Touch computing has finally matured.  When I watch my 3-year-old take his grandmother’s iPhone and navigate to his favorite game, I must say that the touch interface has the intuitive, second-nature feel that wide adoption requires.  It’s taken a while to get from touch screen kiosks in public places to no-second-thought touchscreens in our pockets, but that moment has arrived.

The iPad aims at infotainment, not work. We have not seen tablets in offices, being spun in end zone celebrations, or being used for work.  We may, however, see them in living rooms, being used for play and in place of print media and as a sometime replacement for television and video.  If success does not mean office workstation replacement, well then the iPad might succeed after all.

Apple’s on a long roll.  Apple hasn’t made many mistakes since the introduction of the iMac.  While Microsoft has bumbled and its PC industry partners have merged and had their warts, Apple has been doing things right.  Presumably, they’ve done their homework on this one and see an actual market for this device now.

Predictions in this realm have proved perilous.  That may be why I’ve hedged with both pro-con predictions.  For now, I’m hiding and watching.

Blog posts that get meta about blogging can be a little yucky, but I hope you’ll allow me to get a little meta.  Having worked with databases for years I have come to appreciate the ability to label people or items more than one way in a database.  Multiple labeling helps me find these items later and know several things about them at a glance.  When blogging and other media sprouted up on the web with a tagging feature, I was intrigued.  It’s especially helpful to watch multiple people contribute to a set of tags and see how different people label the same thing.

Imagine my surprise then, when I came across this paragraph in the (otherwise unreadable) foreword of Roger Schank’s (quite readable) 1990 book, Tell Me a Story; Narrative and Intelligence:

[W]hy do some people resemble an old grandfather who can only tell the same few stories over and over again?  By contrast, why do other people seem to respond with a truly pertinent case?….[W]hat enables such people to respond intelligently? The answer…is that they have previously mulled over their experiences and labeled them in multiple interesting ways.  From a sequence of experiences they have constructed a narrative; they have reflected on this narrative and found a number of ways in which it is significant; and in so doing, their memory has attached several labels to the story, which allow them to recall the story when another narrative suggests similar labels.  Once the earlier story is recalled, these people can reflect on pertinent comparisons with the current situations.  Present wisdom depends on earlier indexing. (emphasis added) (pp. xv-xvi)

In 1990, Schank described the human intelligence that computers try to mimic through systems like tagging and search.  We’re built to index things, and we’re smarter when we do it and when we then employ those indexes.

The next time you’re writing a blog post and want to skip the tags, don’t do it.  Think about what’s relevant or how you’ll want readers to find the information in your post and hit that tag feature.  Be a friend to the hive’s intelligence.  Present wisdom depends on earlier indexing.

My public policy school pr0fessor used to say “bad data is better than no data”.  Of course, I love data, and I have access to data I love through the Bayer Center’s biannual Nonprofit Technology Survey.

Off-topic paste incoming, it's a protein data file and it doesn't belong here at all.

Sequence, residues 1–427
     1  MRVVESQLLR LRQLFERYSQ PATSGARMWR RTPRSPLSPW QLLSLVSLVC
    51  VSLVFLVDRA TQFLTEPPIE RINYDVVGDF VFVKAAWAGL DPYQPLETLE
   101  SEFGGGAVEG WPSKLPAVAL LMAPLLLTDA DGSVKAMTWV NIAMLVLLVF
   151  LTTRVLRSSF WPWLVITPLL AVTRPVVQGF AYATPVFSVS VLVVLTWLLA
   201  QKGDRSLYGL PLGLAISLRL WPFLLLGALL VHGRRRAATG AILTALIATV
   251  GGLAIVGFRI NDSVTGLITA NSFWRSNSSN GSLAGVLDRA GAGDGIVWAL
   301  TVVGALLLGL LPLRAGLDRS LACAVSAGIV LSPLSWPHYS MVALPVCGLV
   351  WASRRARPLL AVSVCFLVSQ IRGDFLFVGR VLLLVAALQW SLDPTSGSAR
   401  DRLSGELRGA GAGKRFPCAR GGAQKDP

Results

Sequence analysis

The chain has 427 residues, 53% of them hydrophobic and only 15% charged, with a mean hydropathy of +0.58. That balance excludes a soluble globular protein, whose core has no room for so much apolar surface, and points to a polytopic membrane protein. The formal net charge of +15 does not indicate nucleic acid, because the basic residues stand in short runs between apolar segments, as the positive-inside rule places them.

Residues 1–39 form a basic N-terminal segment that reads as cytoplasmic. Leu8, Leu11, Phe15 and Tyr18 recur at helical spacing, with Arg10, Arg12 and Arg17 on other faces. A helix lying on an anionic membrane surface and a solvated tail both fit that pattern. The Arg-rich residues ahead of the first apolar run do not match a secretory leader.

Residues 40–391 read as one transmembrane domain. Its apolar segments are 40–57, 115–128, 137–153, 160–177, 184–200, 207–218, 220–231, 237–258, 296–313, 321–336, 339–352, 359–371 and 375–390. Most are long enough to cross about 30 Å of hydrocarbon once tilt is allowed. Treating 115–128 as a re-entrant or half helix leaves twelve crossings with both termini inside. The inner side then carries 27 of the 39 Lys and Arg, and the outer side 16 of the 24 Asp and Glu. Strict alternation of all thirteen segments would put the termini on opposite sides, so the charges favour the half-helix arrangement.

But our most recent survey was in the summer of 2008.  So, while waiting for the next round, I am left observing the trends we follow in the survey through anecdotal analysis.  Lately, I’ve been watching the adoption of Microsoft Office 2007.  The uptake in Pittsburgh area nonprofits still looks slow even now.

When the Bayer Center offered a class called Settling in with Office 2007 in August 2008, I thought we’d maybe missed the boat.  I thought organizations would have already adopted 2007 and wouldn’t need our help finding their way around in it.  The class actually nearly sold out.  Then, that summer, our survey data indicated that only 19% of organizations in the region used Office 2007 exclusively.  There were some organizations that ran a few machines with 2007 while many still had XP or 2003.  The largest plurality of survey respondents (36%), however, used only Office 2003 at that point.

Since August 2008, we’ve offered “Settling In” three more times and  canceled it three times.  We’ve done custom training on it with a few organizations, but the catalog classes have not made.

When I look around now, I see that many organizations have still not adopted Office 2007, or have not switched over completely.  The last custom training I did was Excel 2003, and a staffer at that organization was impressed with the “new” features in 2003 because her machine actually has Office 97 on it.  97!

Why are we seeing so little 2007 in 2010?

My first theory is that 2007 adoption has been held back by the fact that it was released around the same time as Windows Vista.  Oh, and right when the economy tanked.  Between decision-makers not wanting to deal with the headaches of enterprise-wide Vista implementation and spending constraints ushered into the already-thrifty nonprofit sector, the pace of hardware upgrades and replacement has slowed.  With slow hardware replacement, inertia keeps workstations in 2003.

My second theory derives from Microsoft’s brilliant decision to break Microsoft Access for 2007.  Sometimes, I imagine internal strategy meetings as MS going this way “OK, Dinesh and Sandy have gone through the list of features that worked really well in the previous version.  If we’re going to make users hate the new version, it’s going to take the whole team to focus on making sure those features don’t work.  Roger has a plan for us…”  If organization have their central database in Access 2003 and they’ve tested 2007, they’ve likely put their heads in their hands and waited out this upgrade.

Any other theories?  Or is my anecdotal data incorrect?